Bouncing Back After Baby, Part 1 - Muscle & Performance

Bouncing Back After Baby, Part 1

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For nine months, your body was hijacked by another human being, who stretched, pushed and pressed you in new and uncomfortable directions. Once you’ve delivered your bundle of joy into the world, though, it’s time to take your body back. While the mere idea may seem well beyond your grasp, given the sleep-deprivation, breast-feeding and new 24/7 responsibility, you can do it. It just takes a little lifestyle adjustment and a whole lot of patience.

“I thought I would get my six-pack back pronto after giving birth,” says Kristal Richardson, former IFBB Figure competitor whose daughter Leah is now 6 months old. “Au contraire. I barely have time to go to the bathroom, let alone work out.”

But Richardson was dedicated to her own health and fitness as well as Leah’s (like they say, Happy mama, happy baby), so after a few weeks of post-delivery recovery, she analyzed her daily schedule and devised several quickie boot camps she could do in her living room while Leah napped, as well as a kick-butt outdoor stroller workout she could do with friends and family. “The key thing is to be patient,” she says. “You’re raging with hormones, are exhausted and have a whole new schedule to adapt to. You’re not going to bounce back in two weeks, but eventually you will get back into shape.”

After three months, Richardson was back in top form, having shed all her baby weight plus a bit more for a total weight loss of 25 pounds. Check out her tips and try her quick and easy baby boot-camp workouts. If she could do it, so can you.

Baby Strength Boot Camp 1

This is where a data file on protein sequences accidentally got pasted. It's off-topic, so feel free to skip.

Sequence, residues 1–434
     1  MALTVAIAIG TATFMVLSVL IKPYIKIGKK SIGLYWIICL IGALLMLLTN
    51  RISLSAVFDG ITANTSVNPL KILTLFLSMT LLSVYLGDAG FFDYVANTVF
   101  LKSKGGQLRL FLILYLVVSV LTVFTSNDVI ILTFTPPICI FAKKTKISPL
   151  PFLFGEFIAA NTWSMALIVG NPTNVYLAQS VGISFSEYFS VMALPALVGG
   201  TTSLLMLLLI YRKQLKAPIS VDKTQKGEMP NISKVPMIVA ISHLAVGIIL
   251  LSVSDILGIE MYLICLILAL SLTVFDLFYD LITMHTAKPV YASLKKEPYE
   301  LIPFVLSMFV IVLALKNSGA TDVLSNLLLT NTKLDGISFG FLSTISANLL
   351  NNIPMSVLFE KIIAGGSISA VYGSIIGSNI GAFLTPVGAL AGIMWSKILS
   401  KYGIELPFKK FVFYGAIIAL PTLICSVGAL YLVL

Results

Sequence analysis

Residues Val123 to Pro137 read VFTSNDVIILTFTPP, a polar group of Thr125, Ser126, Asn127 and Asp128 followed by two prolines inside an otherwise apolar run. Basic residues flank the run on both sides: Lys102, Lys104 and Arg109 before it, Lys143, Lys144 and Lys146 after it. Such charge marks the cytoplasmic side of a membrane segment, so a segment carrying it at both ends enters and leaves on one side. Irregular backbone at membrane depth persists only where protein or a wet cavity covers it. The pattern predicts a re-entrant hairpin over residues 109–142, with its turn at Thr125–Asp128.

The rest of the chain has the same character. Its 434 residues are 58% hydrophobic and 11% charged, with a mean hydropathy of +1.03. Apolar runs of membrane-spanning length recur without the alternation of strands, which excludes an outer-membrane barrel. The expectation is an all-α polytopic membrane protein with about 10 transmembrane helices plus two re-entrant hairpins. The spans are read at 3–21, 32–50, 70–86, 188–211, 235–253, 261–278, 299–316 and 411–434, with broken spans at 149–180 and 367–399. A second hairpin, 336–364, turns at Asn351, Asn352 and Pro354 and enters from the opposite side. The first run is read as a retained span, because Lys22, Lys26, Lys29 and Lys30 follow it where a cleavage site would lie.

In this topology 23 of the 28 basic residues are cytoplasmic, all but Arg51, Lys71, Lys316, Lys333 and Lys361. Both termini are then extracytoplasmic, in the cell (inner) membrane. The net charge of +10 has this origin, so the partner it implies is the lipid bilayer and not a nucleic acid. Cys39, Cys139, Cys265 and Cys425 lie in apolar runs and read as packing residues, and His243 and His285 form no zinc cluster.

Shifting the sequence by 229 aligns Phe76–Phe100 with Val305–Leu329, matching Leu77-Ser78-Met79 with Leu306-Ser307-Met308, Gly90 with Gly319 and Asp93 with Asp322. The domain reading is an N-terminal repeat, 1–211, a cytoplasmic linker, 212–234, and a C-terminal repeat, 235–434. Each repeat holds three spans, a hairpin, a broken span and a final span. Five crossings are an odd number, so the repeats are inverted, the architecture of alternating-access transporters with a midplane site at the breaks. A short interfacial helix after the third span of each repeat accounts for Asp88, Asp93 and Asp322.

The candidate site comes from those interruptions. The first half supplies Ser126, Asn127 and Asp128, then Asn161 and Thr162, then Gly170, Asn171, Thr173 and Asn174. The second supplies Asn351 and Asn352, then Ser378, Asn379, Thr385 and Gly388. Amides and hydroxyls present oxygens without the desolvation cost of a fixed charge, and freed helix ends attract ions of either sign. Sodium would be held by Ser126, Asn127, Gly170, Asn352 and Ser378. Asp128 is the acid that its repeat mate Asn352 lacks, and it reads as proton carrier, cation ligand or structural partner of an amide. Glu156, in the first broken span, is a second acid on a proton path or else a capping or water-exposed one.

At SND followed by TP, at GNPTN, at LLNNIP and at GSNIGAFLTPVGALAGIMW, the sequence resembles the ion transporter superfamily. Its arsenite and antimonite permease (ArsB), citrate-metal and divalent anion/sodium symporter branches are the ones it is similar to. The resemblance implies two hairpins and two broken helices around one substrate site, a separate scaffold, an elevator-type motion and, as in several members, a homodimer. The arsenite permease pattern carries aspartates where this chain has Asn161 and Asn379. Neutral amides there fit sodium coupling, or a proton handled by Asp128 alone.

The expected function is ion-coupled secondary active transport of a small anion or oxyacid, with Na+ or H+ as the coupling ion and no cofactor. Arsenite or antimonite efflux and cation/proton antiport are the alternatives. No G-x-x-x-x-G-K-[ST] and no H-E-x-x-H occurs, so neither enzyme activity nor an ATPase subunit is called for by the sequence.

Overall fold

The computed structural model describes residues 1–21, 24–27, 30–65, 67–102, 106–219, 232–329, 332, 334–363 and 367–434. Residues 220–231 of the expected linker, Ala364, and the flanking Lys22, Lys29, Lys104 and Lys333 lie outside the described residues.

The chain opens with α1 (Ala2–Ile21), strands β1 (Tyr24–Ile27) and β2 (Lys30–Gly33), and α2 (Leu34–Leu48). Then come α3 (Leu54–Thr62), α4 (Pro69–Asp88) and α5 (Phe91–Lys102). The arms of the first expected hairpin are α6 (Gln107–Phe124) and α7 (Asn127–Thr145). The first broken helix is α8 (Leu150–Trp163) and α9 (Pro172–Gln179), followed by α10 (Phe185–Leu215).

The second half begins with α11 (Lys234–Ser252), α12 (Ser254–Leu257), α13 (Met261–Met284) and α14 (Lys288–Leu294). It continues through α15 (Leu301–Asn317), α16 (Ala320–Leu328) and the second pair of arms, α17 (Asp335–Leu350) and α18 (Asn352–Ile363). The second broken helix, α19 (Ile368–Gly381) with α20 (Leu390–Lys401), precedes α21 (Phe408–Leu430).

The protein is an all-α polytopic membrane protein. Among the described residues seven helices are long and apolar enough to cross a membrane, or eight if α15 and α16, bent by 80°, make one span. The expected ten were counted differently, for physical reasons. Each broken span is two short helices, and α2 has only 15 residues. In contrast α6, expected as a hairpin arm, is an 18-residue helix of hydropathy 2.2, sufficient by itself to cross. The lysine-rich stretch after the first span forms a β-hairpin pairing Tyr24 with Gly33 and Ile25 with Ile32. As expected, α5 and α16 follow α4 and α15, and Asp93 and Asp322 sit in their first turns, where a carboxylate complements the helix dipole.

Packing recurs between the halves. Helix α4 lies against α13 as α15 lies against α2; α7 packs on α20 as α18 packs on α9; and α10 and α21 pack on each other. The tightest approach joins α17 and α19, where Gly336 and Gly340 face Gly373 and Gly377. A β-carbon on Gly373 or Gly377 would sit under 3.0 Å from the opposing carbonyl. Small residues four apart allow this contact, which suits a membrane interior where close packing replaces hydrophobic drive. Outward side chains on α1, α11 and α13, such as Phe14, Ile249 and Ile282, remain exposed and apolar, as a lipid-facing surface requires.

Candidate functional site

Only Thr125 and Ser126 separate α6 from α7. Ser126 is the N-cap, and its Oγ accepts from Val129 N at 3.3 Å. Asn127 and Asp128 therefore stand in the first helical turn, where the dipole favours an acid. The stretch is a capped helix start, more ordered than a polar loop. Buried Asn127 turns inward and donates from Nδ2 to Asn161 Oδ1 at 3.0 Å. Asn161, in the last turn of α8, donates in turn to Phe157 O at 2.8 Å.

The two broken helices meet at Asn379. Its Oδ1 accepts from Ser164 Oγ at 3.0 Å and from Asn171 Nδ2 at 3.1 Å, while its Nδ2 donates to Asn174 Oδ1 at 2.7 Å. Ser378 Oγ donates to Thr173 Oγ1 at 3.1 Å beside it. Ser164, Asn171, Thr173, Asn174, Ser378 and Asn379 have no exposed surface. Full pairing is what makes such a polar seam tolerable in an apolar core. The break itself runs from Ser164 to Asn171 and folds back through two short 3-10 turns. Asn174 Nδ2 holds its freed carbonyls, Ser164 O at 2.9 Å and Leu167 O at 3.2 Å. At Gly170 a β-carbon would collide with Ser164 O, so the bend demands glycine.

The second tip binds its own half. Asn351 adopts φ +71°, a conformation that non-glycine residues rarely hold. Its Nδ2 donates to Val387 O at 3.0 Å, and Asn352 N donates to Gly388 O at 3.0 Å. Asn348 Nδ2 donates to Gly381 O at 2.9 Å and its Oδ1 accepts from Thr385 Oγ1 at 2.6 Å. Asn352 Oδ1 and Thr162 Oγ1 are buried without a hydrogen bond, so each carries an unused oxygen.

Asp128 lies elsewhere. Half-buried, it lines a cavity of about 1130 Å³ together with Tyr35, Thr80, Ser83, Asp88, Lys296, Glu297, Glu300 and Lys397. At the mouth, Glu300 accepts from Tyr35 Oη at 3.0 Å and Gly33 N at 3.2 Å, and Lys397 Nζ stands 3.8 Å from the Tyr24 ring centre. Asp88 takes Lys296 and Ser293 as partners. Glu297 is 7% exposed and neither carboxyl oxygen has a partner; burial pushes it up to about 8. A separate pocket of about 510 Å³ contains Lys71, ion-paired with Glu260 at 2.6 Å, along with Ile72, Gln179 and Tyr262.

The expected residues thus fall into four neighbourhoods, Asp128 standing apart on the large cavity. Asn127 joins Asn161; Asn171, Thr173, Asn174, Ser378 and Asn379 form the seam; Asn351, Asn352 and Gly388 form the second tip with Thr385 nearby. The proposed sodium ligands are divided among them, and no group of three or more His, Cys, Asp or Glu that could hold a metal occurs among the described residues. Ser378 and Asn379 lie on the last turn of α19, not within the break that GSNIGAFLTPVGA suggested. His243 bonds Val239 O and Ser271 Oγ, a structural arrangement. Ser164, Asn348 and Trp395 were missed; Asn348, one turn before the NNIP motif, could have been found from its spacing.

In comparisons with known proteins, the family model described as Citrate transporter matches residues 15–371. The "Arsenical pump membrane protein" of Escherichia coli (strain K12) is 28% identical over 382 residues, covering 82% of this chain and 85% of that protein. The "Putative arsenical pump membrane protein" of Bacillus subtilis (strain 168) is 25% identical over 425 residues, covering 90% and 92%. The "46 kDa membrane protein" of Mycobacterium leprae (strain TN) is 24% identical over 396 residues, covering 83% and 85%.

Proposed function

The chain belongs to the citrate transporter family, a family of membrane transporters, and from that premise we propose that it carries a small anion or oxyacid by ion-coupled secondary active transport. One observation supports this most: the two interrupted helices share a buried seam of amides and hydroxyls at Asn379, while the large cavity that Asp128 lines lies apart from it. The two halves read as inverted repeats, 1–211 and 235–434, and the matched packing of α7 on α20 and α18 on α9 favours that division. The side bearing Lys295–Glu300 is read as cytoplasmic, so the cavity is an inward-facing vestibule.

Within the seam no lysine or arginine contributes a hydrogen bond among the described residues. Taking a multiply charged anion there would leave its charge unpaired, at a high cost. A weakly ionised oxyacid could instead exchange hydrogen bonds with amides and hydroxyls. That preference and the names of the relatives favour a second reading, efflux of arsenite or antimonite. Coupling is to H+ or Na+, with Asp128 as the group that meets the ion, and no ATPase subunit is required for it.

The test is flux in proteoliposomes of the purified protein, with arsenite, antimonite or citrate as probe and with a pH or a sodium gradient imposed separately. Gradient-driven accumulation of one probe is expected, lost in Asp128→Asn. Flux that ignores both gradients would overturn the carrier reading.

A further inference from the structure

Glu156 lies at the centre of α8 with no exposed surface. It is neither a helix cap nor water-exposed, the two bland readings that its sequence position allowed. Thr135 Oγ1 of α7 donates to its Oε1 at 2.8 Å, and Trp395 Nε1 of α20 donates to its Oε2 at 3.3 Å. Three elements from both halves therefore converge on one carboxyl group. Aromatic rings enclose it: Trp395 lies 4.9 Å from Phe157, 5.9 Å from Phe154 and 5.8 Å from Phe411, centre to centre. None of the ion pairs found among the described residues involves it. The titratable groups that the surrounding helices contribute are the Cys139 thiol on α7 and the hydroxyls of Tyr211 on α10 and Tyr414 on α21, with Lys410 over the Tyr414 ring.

1 minute jump rope
30 crunches
15 push-ups
20 walking lunges
20 biceps curls (with band)
15 bodyweight dips
30 bodyweight squats
Rest 1 minute
Repeat until you reach the 20-minute mark.

Baby Plyo Boot Camp 2
20 jumping jacks
20 mountain climbers
15 burpees
15 tuck jumps
15 bodyweight squats
15 incline push-ups
Rest 1 to 2 minutes
Repeat until you get to 20 minutes.

Stroller Workout
Push stroller, walking briskly for 10 minutes.
Stop and do this mini-workout:
10 squats
10 lunges
15 calf raises
plank hold: 30 seconds
20 seated V-ups (on bench or ground)
Repeat from walking segment.

Did you know …
Breast-feeding uses up to 500 calories a day? Add to that a 200-or-so calorie deficit from your baby boot camps and you’ll be back to your old self in no time.

Top Tips for New Mommies

  • Don’t expect miracles. It took your body nine months to become what is. It might take nine months to get back to your former self.
  • Know that, ahem, poop happens, literally and figuratively with a newborn. Sometimes you simply won’t have the time or energy to work out, and that’s OK. Tomorrow is a new day, and you can fit in a quickie workout then.
  • Walk, walk and walk some more. Put a napping baby in the stroller and walk around the neighborhood. Brisk walking can burn up to 375 calories an hour. If you walk five times a week for an hour, that’s a potential deficit of 1,875 calories.
  • On occasion, let sleep win out over workouts. Yes, a real night’s sleep is a distant memory, but shut-eye is very important for new moms, especially when it comes to maintaining your sanity. If your baby goes down for a nap and you’re simply exhausted, it’s OK for you to nap, too.
  • Join a gym with day care. Most will take babies at 3 to 6 months old. Find one you like with certified day-care professionals and hit it three to five days a week.

Move With Other Mommies
Check out great group mommy/baby classes, and find one near you:

strollerstrides.com | strollercize.com | babybootcamp.com

Next month, M&P tackles the nutrition factor: How to manage new-mom nutrition to reclaim your pre-baby body.